You won't finish listening to Here's The Tender Coming and end up with a big happy smile on your face, the road The Unthanks tread is a dark and foreboding path, but it is possessed of such incredibly beautiful melancholy that you will want to return to it time and time again to marvel at how the band can produce such gorgeous music whilst being so sparse and restrained in their playing. Beautiful, haunting, in places exquisitely forlorn, but with enough touches of life and humour to make it not an entirely downbeat experience.
Book Review : Fables, The Dark Ages - Bill Willingham*****

Note - Some spoilers ahead.

A quick recap, the war has been fought and won, the vile and blood drenched tyrant Gepetto overthrown and taken alive because of a last minute plea by son Pinochio, many good Fables lie dead or wounded, but at last it appears that the Fables can live in peace, and that after many decades they can begin to return to their homelands.

Much like Mike Carey's Lucifer, it did rather appear that this 12th volume of Fables would be a wrap up issue in the style of Lucifer : Evensong, tying up the loose ends and doing a short 'lived happily ever after' selection of stories. For fans of the Fables series though, it appears that Bill Willingham has no intention of laying his creation to rest just yet.

As the Fables work their way through the aftermath of the way, two Fables on a distant world (who are an almost undisguised Fafhrd and the Gray Mouser) come across a locked box in a treausre hord, reasoning that a secure box in a pile of gold must contain treasure beyond imagining they hack open the chest, but the chest does not contain treasure, it was a holding place for an ancient, dark and terrible evil.

Willingham's 12th part of the Fables series is as exciting and well crafted as any part of the story arc so far. Like many of the really great comic writers, he doesn't get too attached to major characters, so be prepared for a tearful farewell to a long running favourite or two in this book. Willingham also works major changes to the power structure of the Fables, and with an implacable enemy approaching whose own power was used in tiny fraction to aid the Fables in the war The Dark Ages ends not in the flush of hope and victory that marked the end of War And Pieces, but with a deep sense that the next chapter might not go at all well for many of our favourite characters.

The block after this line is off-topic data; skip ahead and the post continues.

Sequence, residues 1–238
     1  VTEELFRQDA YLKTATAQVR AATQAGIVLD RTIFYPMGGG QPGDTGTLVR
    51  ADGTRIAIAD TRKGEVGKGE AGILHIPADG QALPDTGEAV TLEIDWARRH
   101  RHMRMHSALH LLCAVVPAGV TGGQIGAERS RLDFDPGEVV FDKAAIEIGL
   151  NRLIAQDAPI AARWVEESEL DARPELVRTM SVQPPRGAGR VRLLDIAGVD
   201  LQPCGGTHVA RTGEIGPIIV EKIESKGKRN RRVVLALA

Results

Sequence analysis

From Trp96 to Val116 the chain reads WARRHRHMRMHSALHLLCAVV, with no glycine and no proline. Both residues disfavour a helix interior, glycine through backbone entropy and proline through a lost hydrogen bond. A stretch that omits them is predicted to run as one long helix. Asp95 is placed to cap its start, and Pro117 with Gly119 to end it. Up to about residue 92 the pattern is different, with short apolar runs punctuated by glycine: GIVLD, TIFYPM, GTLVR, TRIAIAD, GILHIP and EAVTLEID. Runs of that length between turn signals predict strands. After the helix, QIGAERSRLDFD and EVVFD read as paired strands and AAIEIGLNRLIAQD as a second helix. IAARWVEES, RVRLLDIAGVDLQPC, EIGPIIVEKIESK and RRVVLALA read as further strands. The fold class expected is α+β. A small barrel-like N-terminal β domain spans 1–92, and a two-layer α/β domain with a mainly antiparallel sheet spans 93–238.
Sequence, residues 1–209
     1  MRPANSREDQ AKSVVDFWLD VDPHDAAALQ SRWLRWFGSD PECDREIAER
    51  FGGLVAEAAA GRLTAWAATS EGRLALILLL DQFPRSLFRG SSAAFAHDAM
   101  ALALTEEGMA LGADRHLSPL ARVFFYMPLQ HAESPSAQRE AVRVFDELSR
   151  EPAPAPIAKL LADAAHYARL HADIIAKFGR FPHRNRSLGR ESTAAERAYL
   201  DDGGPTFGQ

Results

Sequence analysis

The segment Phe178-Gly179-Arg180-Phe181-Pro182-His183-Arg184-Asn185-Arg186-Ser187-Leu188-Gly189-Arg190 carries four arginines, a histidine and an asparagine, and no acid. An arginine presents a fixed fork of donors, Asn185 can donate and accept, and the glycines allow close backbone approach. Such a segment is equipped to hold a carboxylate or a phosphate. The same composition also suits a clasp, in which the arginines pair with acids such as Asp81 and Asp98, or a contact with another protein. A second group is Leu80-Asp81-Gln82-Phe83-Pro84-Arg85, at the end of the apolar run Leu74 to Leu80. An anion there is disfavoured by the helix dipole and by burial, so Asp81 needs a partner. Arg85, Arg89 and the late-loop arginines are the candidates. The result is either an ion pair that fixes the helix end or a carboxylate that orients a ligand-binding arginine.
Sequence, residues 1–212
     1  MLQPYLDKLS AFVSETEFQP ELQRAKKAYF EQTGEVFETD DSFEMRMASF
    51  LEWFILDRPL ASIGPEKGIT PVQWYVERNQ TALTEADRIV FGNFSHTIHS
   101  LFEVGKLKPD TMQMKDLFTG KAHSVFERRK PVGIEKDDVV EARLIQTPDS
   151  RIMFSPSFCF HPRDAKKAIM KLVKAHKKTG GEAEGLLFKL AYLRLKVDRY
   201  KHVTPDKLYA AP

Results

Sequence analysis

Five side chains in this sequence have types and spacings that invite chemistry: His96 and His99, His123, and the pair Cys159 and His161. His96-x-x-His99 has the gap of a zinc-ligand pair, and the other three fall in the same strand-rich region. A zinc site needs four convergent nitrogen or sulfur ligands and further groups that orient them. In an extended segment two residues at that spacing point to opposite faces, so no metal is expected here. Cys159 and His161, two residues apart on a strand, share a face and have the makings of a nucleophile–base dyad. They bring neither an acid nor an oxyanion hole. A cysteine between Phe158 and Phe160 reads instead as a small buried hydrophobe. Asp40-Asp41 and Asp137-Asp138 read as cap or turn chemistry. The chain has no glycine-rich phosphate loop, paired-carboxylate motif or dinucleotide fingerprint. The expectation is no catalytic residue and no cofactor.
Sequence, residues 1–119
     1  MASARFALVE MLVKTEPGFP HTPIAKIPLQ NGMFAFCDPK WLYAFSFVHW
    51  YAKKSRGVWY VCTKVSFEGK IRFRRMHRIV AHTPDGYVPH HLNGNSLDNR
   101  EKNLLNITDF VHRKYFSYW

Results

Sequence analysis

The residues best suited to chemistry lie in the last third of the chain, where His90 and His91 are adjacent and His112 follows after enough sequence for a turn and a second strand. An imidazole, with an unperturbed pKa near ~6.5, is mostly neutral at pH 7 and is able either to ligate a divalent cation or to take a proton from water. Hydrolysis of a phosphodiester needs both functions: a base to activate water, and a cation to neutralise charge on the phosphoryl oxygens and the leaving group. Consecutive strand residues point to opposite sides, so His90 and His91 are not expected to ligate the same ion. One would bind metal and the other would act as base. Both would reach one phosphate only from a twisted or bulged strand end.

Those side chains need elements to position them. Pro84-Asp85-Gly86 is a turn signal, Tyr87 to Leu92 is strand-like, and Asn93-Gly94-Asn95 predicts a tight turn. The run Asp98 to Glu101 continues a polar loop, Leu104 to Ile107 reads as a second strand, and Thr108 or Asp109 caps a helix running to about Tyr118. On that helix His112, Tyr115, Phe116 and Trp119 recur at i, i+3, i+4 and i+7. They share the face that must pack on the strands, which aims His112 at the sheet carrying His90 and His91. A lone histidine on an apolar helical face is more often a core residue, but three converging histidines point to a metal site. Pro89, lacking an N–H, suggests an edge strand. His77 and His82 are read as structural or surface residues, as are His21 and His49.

Since the end of Lucifer, Fables has become easily the best written graphic novel going. Willingham has a fine and deft touch for emotion, politics and humour, for love and loss and honesty. If he can keep up this level of writing I would be happy if Fables were to follow Hellblazer and become a really long lived title.

Thursday, October 15, 2009

Chavs, A Scooter, Some Bad Dancing

Ha ha, what the hell lads ?
Book Reveiew : The Road - Cormac Mcarthy*****

The world has almost ended, some life destroying event (which remains undescribed) has killed the plants, the birds, the animals, all that remains are a few scattered humans surviving on the last food supplies of their decade dead civilisation. Walking through this post-apocalyptic nightmare are a man and a boy, the man's son. They are following the road south to escape the bitter winter, the man's stated aim is to reach the coast where he feels they might have some chance of survival. Along the way they have brief, terrifying encounters with other survivors, armed militant gangs, people reduced to cannibalism, the desperate dregs of humanity in a dying world.

It is also no co-incidence that the only other living thing that the man and the boy encounter is a patch of mushrooms, fungus, a thing that that only exists by feeding from death and decay, it's a powerful metaphor for the remaining humans in the world.

The man has become hardened and inured to the horrors around him, although he does everything he can to ensure the boys survival, there is nothing in him that speaks of real hope and it is often the boy who, as children do, expresses empathy for others.